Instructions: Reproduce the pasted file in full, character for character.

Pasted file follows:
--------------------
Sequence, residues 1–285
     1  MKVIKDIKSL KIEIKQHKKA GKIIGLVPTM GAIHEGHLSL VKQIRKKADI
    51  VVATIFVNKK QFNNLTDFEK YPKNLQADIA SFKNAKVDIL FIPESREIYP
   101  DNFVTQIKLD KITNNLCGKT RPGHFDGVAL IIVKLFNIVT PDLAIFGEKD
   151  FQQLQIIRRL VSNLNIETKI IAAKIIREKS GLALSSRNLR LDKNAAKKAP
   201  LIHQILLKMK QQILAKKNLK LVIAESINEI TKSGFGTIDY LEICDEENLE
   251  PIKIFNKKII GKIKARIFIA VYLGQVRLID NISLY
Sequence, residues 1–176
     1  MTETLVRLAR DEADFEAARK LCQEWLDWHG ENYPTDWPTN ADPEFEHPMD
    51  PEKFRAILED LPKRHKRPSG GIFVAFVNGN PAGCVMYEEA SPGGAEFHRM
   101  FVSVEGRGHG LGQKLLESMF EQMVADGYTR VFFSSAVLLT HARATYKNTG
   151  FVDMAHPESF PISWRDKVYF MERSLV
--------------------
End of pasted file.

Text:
Sequence, residues 1–285
     1  MKVIKDIKSL KIEIKQHKKA GKIIGLVPTM GAIHEGHLSL VKQIRKKADI
    51  VVATIFVNKK QFNNLTDFEK YPKNLQADIA SFKNAKVDIL FIPESREIYP
   101  DNFVTQIKLD KITNNLCGKT RPGHFDGVAL IIVKLFNIVT PDLAIFGEKD
   151  FQQLQIIRRL VSNLNIETKI IAAKIIREKS GLALSSRNLR LDKNAAKKAP
   201  LIHQILLKMK QQILAKKNLK LVIAESINEI TKSGFGTIDY LEICDEENLE
   251  PIKIFNKKII GKIKARIFIA VYLGQVRLID NISLY
Sequence, residues 1–176
     1  MTETLVRLAR DEADFEAARK LCQEWLDWHG ENYPTDWPTN ADPEFEHPMD
    51  PEKFRAILED LPKRHKRPSG GIFVAFVNGN PAGCVMYEEA SPGGAEFHRM
   101  FVSVEGRGHG LGQKLLESMF EQMVADGYTR VFFSSAVLLT HARATYKNTG
   151  FVDMAHPESF PISWRDKVYF MERSLV